Discharge when fully charged.

Tips & Cautions

  • While charging the battery and the generator both produce gas such as hydrogen and deadly carbon mono-oxide. So it is important to charge the batteries in an open or ventilated place.
  • Use goggles and gloves while cleaning the battery to protect from dust or acid burn.
  • Keep flammable liquids, hand sanitizer, rubbing alcohol, and gasoline far away during cleaning and charging the battery
  • Rub Vaseline around the clean terminals to keep corrosion from forming very quickly
  • Charge your RV battery every 3 months to retain from your battery plates to get harden.
  • Do not touch the battery while charging.
  • Charge your battery to “FULL” to get better output and long-lasting battery health.
  • Monitor your charger so that it does not over-charge which might end up ruining the battery’s overall performance.
  • Do not store RV batteries in cold places. Batteries will not be able to store power and will supply less power if kept at a low temperature.
  • Before starting to charge, always double-check the red and black wires. If they get misplaced it can cause great harm.
  • Also if the batteries do not start charging after plugging in, then there might be a problem with the converter or the wire.

FAQs

1. What size generator do I need to charge my RV batteries?

Ans. To charge a 12v RV battery, a generator should be of 3500 watts capacity and 8 amp. It can be more than 3500 watts which will allow charging the batteries faster. But a 3500 watt is also good to go.

2. Is It Possible To Charge An RV Battery Directly From Shore Power?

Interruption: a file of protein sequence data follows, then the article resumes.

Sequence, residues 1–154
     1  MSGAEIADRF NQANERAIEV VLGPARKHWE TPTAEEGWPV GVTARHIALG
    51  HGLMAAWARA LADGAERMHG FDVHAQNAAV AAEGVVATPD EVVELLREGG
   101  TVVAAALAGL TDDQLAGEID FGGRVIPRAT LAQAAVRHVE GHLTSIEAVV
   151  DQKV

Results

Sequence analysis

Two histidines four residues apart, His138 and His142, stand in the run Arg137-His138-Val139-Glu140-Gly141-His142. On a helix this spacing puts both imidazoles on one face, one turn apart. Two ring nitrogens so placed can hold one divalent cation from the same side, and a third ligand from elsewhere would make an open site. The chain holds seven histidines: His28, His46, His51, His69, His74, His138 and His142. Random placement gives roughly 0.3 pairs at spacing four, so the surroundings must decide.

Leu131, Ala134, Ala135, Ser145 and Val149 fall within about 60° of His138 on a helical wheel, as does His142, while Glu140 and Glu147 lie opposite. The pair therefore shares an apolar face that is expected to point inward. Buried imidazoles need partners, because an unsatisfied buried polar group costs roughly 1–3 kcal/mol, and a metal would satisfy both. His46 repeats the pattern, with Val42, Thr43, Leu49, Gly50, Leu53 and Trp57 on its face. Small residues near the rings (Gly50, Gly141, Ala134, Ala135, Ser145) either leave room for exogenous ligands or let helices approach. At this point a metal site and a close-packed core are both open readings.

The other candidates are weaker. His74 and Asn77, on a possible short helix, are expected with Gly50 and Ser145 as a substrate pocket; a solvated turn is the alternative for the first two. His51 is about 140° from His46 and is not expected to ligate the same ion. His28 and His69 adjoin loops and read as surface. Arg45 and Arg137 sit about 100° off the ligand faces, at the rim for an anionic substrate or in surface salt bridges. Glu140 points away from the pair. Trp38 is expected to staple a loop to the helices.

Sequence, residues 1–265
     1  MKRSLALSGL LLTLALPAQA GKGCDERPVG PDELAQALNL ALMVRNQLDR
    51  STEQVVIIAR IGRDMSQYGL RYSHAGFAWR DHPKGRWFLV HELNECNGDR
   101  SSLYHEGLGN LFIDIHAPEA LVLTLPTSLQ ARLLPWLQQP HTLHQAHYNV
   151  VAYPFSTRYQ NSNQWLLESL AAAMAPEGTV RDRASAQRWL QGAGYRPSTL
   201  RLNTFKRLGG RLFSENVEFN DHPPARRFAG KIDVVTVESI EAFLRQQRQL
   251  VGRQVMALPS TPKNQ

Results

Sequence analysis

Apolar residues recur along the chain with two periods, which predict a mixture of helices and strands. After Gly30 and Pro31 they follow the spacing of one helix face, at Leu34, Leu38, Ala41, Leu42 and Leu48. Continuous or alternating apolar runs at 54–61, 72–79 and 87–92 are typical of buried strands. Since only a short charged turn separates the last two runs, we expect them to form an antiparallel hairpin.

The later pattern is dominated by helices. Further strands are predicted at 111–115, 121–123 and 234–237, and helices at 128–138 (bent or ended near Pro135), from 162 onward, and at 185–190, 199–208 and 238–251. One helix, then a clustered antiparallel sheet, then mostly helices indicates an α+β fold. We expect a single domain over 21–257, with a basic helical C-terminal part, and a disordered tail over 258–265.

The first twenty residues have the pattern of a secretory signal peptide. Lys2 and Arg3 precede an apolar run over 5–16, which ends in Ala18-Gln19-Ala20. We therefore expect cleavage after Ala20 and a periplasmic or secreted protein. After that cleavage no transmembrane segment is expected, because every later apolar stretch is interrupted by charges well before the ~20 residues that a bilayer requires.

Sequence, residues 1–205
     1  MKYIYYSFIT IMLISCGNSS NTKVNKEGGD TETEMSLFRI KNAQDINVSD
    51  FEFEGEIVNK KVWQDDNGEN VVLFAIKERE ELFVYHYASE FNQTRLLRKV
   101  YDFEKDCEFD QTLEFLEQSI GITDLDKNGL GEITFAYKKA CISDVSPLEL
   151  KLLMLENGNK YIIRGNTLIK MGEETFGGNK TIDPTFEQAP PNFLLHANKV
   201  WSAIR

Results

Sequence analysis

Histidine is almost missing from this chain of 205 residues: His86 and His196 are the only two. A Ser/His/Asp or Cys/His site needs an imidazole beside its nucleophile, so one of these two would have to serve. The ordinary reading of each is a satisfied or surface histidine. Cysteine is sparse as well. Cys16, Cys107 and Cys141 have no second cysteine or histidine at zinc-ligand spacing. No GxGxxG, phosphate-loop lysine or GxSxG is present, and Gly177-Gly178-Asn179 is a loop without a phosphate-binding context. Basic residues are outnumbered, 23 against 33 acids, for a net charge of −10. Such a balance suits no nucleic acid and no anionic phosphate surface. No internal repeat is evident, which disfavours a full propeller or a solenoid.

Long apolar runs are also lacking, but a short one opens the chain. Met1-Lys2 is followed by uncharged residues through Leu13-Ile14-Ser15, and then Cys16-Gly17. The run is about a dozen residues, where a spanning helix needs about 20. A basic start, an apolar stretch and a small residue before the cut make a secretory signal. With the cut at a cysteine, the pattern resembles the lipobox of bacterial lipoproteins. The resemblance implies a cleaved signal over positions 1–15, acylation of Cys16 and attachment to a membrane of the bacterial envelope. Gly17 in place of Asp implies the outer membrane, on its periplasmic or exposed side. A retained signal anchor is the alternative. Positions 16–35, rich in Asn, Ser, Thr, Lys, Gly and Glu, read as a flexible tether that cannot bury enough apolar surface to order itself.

Ans. One of the easiest ways to charge a 120V AC RV battery is to connect it with the shore power. You will need a 30-amp or 50amp plug to connect the battery to the charging point. After you plug it in, it will automatically start charging.

3. Can I Charge My RV Batteries With Solar Panels?

Ans. Charging RV batteries with solar panels is a good option to explore. The power supplies through the solar panel to the amp controller or the charge controller to the battery.

An amp controller assists the battery in not overflowing with charge.

The key factor in charging your batteries with a solar panel comes down to understanding the right charge controller. The amp of the charge controller has to be higher than the combined amp of the solar panels and battery.

Divide the solar panels’ watt capacity with the volt power of your battery bank to know the amp of the charge controller.

4. When do I need to buy a new battery for my RV?

Ans. If your RV battery has broken terminals or cracks on the case, it is high time to replace your battery. A deep-cycle battery should give service for more than 6 years. Depending on the maintenance and utilization of the batteries, an RV battery can last longer than that.

About the author

Jamie Masterson

With decade-long experience as a generator technician, Jamie has worked with USA’s top generator manufacturers and suppliers as an independent contractor.

The long years of service to the industry has taught Jamie the ins and outs of troubleshooting, repairing, and maintaining all kinds of generators in home, industrial and outdoor settings.

Jamie thinks this platform is a great opportunity to share his tips and tricks with you so you can make the most of such power equipment for better living.